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Malaria vaccine is first to provide 'sustained protection'

Latest trial shows immunological response lasts for at least a year

Malaria vaccine is first to provide 'sustained protection'

A malaria vaccine in development by US biopharma company Sanaria has demonstrated sustained protection against the parasite, according to the results of a clinical trial. 

The PfSPZ vaccine had previously been shown to provide a short-term immunological response targeted at the malaria parasite, but in the latest trial was shown to provide protection against infection for 'at least 14 months'.
If confirmed in follow-up trials, the vaccine could turn out to be "the first malaria vaccine providing durable protection against infection with malaria parasites", according to the company.

The vaccine is based on inactivated Plasmodium falciparum sporozoites, a key stage in the parasite's life cycle. Intravenous injections were shown to protect against exposure to malaria-infected mosquitoes in nine out of 14 (55%) recipients after 21 weeks. 

Moreover, looking at a subgroup of five patients followed up for over a year, the team found all of them were protected when exposed once again to infected mosquitoes - a 100% protection rate at 59 weeks - according to the study. The results have been published in the journal Nature Medicine.

That data looks pretty good when compared to trials of the Mosquirix malaria vaccine developed by GlaxoSmithKline (GSK) - which has already been given a positive opinion by the European Medicines Agency's Committee for Medicinal Products for Human Use (CHMP) despite what the panel described as 'limited efficacy'.

Mosquirix (formerly known as RTS,S) also targets P. falciparum - the most virulent form of malaria which affects 214m people a year and kills around 438,000. It was shown to have an initial protection rate of around 31-56%, depending on the age of the patient, although efficacy seemed to decline after the first year.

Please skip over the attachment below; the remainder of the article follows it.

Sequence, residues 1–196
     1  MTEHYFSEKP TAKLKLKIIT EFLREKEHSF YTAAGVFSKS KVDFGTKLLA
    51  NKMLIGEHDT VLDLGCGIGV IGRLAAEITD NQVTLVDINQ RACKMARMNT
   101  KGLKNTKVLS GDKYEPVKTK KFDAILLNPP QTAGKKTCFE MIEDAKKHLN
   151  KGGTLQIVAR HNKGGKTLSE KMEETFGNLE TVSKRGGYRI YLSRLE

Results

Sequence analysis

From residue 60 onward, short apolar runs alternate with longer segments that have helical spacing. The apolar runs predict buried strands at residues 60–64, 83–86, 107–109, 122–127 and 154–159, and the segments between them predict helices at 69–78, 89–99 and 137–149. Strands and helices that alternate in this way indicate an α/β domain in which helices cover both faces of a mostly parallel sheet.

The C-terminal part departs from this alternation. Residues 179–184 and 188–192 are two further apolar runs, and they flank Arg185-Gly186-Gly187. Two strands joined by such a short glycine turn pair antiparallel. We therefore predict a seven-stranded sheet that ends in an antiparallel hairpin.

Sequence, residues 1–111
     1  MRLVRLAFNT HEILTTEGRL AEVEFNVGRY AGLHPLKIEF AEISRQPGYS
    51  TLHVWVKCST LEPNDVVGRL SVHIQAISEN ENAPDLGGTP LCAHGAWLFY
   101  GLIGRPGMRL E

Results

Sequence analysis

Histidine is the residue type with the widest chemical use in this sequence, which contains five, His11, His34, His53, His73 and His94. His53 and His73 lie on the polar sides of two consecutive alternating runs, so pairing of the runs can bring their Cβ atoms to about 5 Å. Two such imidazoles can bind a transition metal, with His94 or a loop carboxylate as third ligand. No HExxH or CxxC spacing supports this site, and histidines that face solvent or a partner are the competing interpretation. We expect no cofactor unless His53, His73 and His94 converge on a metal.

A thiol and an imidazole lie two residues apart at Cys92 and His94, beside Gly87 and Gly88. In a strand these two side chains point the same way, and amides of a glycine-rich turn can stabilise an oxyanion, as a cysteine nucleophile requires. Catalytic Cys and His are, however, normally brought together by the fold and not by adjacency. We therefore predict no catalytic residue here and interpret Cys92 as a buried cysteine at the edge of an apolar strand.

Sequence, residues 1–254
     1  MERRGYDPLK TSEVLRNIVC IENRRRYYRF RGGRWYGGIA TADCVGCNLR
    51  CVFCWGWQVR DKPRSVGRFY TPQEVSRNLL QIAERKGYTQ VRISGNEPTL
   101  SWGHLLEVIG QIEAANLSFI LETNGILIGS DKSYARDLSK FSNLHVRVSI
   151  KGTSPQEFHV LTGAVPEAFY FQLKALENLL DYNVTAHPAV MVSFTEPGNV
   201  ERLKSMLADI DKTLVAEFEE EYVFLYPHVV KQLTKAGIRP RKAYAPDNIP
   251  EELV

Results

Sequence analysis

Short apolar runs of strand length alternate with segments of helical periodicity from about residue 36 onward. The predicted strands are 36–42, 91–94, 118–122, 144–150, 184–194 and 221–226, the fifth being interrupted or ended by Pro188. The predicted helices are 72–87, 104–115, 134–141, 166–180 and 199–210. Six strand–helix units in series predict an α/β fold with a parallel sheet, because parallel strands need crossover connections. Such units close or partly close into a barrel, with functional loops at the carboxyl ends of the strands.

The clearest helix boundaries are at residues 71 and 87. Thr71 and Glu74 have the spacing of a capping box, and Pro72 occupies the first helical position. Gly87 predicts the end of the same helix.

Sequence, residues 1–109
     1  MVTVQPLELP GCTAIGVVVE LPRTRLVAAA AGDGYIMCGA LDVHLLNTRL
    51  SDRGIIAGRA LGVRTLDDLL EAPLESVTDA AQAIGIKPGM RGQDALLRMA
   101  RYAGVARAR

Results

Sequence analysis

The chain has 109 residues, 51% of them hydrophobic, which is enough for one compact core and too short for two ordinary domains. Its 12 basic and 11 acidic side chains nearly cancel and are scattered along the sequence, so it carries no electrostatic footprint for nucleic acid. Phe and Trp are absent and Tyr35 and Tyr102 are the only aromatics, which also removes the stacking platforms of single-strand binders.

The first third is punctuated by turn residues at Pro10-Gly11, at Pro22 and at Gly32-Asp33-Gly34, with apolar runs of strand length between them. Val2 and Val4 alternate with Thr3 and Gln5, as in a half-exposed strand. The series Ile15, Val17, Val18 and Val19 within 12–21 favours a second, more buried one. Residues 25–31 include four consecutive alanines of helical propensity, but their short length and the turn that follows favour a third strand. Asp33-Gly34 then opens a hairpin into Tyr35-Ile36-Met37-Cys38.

Sanaria chief executive Stephen Hoffmann said that in light of the latest data with PfSPZ, an optimised vaccine could be entered into trials that would provide "80% protection at six months".

That level of protection could have a significant impact on malaria as it could be used to protect at-risk individuals as well as reduce transmission of the parasite in populations. 

"It's reasonable to suggest that within three to four years a safe, reliable vaccine could be a commercial reality and provide medical benefit to a huge population," added Hoffmann.

Sanaria's vaccine - which has been developed alongside researches at the National Institute of Allergy and Infectious Diseases (NIAID) - does however have some drawbacks. 

In particular, being based on inactivated sporozoites means that the current version must be stored at very low temperatures, which could make it difficult to achieve widespread distribution in some regions of the world with less-developed infrastructure.

Nevertheless, the NIAID's director Anthony Fauci said the study is "an encouraging step forward in our goal to control and ultimately eradicate malaria".

Article by
Phil Taylor

10th May 2016

From: Research, Regulatory



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